stop and eat or buy souvenirs and stuff. But don't loiter and linger too much. You don't want to give any local delinquents time to hatch any ideas about following you and robbing you.

You don't want to linger next to obvious poor neighborhoods.

The idea is to keep your schedules to yourself. Be observant of people following you. Don't act "clueless". If you do notice odd-looking people following you, go to more crowded area, or better yet if you see a policeman standing around go near where he's standing.

It's ok to stop on isolated roads and take photos, or take a leak, or get out and stretch. That's perfectly fine. .... BUT if you are parked there and some young guy(s) pull up on a motorcyle and stop, get in your car and leave immediately.

Motels are not hotels. Motels are for sex. Although in most cases they are actually much nicer than hotels.

Colombia is a poor country. There are a lot of people with no money. Of this group of people, there are some who don't have any problem using violence as a means to make money. You want to put yourself in situations where:
a) you don't look like a target
b) you don't give them enough time to make you a target

Unlike the U.S., people in Colombia commit crime is because necessity or perceived financial advantage, not because they want to harm you. If they can take your money without harming you, that's how they will do it. But if the only way they can get your money is by harming you, and the opportunity arises they will do it.

Another thing that I should probably mention is that there is a vast underbelly of violence and crime in Colombia that will not affect you as a tourist. Unfortunately this is the type of violence that the news media is telling you about in whatever country you are from. So you're getting the wrong idea about what type of danger there is for you as a tourist in Colombia. You don't have anything to do with the underbelly and you'll probably never even know it's there. I'm talking about drugs, mafia, narcos, corruption, hired killings, etc. You don't need to worry about this stuff. There's zero chance of it affecting you. It affects Colombians who are involved in that world, but it does not affect you. You will never be a target of those people.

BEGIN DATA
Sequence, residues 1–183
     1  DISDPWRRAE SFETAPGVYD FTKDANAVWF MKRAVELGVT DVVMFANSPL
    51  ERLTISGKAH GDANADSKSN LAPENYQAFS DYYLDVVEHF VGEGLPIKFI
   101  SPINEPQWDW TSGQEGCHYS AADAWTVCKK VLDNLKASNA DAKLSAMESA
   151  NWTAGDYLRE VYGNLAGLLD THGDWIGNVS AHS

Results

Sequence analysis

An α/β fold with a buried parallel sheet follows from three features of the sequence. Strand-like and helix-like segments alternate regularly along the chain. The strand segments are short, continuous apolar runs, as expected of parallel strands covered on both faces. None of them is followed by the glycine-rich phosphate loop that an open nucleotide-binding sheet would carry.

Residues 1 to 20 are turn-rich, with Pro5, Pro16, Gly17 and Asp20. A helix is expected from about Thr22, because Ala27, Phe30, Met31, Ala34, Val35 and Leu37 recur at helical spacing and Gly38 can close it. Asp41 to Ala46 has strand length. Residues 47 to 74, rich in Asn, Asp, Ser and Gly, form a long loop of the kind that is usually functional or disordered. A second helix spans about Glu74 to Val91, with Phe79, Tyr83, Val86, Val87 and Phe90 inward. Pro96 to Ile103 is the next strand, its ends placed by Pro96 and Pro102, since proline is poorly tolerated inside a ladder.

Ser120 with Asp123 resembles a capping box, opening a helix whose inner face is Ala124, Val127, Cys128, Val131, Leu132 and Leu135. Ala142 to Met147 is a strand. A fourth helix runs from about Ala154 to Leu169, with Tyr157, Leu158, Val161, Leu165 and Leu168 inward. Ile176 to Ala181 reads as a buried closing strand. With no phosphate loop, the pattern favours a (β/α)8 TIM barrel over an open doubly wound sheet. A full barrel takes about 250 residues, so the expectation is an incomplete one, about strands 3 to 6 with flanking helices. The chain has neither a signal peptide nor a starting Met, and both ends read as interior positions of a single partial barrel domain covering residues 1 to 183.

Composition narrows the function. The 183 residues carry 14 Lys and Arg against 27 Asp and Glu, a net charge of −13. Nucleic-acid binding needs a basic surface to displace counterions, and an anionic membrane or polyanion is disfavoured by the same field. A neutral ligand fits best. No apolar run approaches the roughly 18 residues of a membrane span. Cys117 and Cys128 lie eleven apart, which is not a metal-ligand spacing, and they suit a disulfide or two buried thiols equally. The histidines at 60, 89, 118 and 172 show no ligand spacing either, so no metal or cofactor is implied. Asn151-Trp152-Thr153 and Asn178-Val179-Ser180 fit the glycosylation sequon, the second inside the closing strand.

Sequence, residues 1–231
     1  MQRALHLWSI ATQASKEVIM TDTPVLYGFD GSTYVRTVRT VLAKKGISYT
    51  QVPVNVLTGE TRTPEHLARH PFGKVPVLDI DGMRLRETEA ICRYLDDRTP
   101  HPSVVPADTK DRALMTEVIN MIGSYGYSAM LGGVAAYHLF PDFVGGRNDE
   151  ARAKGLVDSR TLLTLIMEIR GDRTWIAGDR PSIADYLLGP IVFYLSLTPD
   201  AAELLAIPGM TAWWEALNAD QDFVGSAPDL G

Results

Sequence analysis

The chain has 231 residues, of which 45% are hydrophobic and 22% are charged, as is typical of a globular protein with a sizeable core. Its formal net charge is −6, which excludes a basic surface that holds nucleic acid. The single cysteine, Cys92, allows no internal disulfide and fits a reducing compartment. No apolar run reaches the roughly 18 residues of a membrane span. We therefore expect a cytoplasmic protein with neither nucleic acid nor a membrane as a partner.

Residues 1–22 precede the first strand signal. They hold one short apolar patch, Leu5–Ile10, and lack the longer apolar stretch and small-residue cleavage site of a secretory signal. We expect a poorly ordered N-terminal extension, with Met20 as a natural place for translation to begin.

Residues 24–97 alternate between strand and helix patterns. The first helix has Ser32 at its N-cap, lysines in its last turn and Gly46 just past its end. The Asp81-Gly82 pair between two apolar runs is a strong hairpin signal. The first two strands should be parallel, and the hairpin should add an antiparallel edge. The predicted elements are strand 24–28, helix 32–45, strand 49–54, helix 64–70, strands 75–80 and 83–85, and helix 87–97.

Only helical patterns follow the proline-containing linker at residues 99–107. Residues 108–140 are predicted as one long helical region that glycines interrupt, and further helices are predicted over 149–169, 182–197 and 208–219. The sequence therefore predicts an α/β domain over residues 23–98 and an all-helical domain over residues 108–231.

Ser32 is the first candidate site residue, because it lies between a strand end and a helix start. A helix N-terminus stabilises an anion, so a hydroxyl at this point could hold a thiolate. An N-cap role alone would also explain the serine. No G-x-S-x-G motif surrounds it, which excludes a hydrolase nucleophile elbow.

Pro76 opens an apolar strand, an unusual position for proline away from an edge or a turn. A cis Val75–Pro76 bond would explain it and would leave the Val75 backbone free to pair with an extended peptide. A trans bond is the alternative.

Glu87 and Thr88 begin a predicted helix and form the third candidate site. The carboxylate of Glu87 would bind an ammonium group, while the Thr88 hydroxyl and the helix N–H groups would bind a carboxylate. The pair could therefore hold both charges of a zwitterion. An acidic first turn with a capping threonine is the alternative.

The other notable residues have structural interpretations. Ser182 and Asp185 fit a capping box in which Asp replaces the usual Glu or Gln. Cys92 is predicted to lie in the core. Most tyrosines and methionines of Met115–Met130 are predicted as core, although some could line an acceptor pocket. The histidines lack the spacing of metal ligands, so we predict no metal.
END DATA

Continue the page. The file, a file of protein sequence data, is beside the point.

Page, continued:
In the old days, you might have been a target of the FARC, but they are no longer active.

Hopefully that didn't scare anyone off. My intention is the opposite, to be as accurate and realistic as possible in portraying things as they are. A lot of foreigners "worry" about visiting Colombia, but invariably they are worrying about the wrong things.

Go to Colombia as a regular tourist with the above precautions and you'll be fine.

If anyone has things to add or feels I'm wrong about certain things, feel free to chime in.
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Old 08-23-2018, 02:07 PM
Location: Canada
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Are there regions of Colombia that are more dangerous than others? I am interested in driving around. I want to drive from the Caribbean coast up to the Llanos regions and then over to the pacific.

Last edited by UrbanLuis; 08-23-2018 at 02:21 PM..
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Old 08-23-2018, 03:26 PM
Location: Sunnyvale, CA
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Originally Posted by UrbanLuis View Post
Are there regions of Colombia that are more dangerous than others? I am interested in driving around. I want to drive from the Caribbean coast up to the Llanos regions and then over to the pacific.
You'll be fine with the route you're thinking about.

The only region that might be more dangerous is the Amazons.
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Old 08-23-2018, 07:33 PM
Location: Canada
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I would like to visit the Amazon too but there is only so much I will be able to do. Plus I am not sure if my wife is coming with witch means we will probably have to spend more times in the city.

I heard the pacific coast region choco was a bit dangerous too but it looks so beautiful. I am trying to convince a surfer buddy of mines to come down with me.

I might make more than one trip.
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Old 08-24-2018, 09:29 AM
Location: Sunnyvale, CA
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It takes a long time to drive around Colombia because of the mountains. I would recommend not trying to see everything on the first trip. Since this will be your first time, just drive from Cartagena to Medellin to Bogota. You'll be happy with it.

how much time are you planning?